Australia’s prime minister joined Muslim leaders yesterday in condemning a cleric’s comments that husbands are entitled to smack disobedient wives and force them to have sex.
Samir Abu Hamza made the contentious comments in Sydney during a lecture in 2003, but they were first reported yesterday after they appeared in a video posted on the Internet.
During the lecture on marriage delivered to a male audience, Hamza — who has previously had no national profile — ridiculed Australian law that regards forced sex within marriage as rape.
“Amazing, how can a person rape his wife?” Hamza said, adding that wives must immediately respond to their husbands’ sexual demands.
He also said a man was entitled to use limited force as a last resort to punish a disobedient wife.
“After you have advised them for a long, long time, then you smack them, you beat them and — please brothers, calm down — the beating that the Muhammad showed is like the toothbrush that you use to brush your teeth,” he said.
“You are not allowed to bruise them; you are not allowed to make them bleed,” Hamza said. “You don’t go and grab a broomstick and say that is what Allah has said.”
Hamza could not be contacted for comment yesterday at the Islamic center he runs in the southern city of Melbourne. Yesterday’s edition of the Herald Sun newspaper quoted Hamza as saying he stood by his recorded comments.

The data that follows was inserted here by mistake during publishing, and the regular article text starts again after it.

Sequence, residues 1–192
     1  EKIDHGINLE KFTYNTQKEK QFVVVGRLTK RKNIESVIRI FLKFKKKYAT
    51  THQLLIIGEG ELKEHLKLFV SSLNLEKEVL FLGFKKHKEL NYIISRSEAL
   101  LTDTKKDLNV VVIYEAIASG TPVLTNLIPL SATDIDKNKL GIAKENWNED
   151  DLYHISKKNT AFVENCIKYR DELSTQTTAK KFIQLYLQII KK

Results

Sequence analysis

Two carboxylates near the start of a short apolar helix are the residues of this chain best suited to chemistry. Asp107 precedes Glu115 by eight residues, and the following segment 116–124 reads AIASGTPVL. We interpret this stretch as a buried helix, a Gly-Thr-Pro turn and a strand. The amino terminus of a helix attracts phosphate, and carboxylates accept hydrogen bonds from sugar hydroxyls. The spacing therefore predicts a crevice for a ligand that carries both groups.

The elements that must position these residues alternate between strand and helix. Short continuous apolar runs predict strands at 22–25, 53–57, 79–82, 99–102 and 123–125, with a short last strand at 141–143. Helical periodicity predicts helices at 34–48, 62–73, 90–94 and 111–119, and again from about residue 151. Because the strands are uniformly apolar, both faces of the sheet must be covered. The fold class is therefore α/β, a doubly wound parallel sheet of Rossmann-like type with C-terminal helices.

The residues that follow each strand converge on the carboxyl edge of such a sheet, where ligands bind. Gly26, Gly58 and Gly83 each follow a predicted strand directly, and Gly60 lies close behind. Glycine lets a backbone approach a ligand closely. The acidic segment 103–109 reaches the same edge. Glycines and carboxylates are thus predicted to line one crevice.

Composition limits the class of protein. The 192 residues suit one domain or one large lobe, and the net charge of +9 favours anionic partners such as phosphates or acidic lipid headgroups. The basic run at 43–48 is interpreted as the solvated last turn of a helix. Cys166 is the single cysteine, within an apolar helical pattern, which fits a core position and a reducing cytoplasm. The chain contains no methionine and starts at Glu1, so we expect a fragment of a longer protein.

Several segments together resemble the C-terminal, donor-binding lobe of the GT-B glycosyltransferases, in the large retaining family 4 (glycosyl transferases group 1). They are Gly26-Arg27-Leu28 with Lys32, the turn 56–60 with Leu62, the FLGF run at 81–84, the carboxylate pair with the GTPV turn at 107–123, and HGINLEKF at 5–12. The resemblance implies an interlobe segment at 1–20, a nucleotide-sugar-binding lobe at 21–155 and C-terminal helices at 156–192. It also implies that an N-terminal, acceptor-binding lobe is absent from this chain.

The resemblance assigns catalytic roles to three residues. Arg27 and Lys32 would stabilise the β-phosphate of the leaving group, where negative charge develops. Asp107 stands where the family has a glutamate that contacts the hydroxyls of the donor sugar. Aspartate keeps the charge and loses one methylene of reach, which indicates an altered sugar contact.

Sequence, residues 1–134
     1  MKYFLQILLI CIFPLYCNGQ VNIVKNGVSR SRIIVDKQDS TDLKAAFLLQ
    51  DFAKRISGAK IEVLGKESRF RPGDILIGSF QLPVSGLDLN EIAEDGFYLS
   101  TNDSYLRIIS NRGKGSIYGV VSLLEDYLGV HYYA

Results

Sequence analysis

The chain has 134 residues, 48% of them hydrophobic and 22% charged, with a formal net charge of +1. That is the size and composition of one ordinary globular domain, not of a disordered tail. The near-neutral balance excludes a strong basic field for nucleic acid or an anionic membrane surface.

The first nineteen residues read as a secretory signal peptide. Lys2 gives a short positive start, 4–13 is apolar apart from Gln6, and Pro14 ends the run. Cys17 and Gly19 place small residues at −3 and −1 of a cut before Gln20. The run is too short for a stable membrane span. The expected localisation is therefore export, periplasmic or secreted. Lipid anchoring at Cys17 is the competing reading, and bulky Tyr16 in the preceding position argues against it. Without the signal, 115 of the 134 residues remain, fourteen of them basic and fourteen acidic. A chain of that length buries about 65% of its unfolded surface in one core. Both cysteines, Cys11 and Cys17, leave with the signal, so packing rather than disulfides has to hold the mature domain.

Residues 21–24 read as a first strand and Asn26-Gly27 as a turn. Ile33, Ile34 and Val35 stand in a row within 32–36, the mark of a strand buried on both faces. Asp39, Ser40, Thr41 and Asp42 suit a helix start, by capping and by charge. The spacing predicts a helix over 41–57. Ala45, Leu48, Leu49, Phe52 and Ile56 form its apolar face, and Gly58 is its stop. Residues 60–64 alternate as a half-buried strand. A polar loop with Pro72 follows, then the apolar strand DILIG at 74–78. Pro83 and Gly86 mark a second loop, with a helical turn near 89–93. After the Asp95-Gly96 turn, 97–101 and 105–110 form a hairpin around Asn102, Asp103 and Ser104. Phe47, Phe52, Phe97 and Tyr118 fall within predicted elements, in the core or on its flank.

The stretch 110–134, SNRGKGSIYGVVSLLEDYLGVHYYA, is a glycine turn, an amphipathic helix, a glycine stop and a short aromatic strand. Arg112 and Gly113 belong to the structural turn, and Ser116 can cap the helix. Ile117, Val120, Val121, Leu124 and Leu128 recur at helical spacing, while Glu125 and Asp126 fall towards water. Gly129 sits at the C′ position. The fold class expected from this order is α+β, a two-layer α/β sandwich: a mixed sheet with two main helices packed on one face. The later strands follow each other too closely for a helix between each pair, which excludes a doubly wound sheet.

While Australia is a relatively tolerant and multicultural society, ethnic and religious rifts occasionally flare, with the treatment of women under Islam a flashpoint in this majority Christian nation.
Prime Minister Kevin Rudd condemned Hamza’s comments, saying violence toward women was permissible “under no circumstances.”
“Australia will not tolerate these sort of remarks,” Rudd told reporters.
Joumanah El Matrah, the executive of the Islamic Women’s Welfare Council of Victoria state, said Hazma’s comments were “a grossly inappropriate representation of both the Koran and Muslim views on violence, both in wife beating and rape.”
Sherene Hassan, the vice president of the Islamic Council of Victoria, said research has found that some imams in Australia share Hamza’s stance on domestic violence. She said the council would hold a series of workshops aimed at changing those views.
Conflicts between mainstream Australia and its fast-growing Muslim minority, who number 400,000 in a population of 21 million, have gained a higher profile in recent years.
Australia’s former mufti, Sheik Taj Aldin al-Hilali, created a furor in 2006 which split the Islamic community with a lecture in Sydney in which he compared women who do not wear head scarves to “uncovered meat” and said immodestly dressed women invite rape.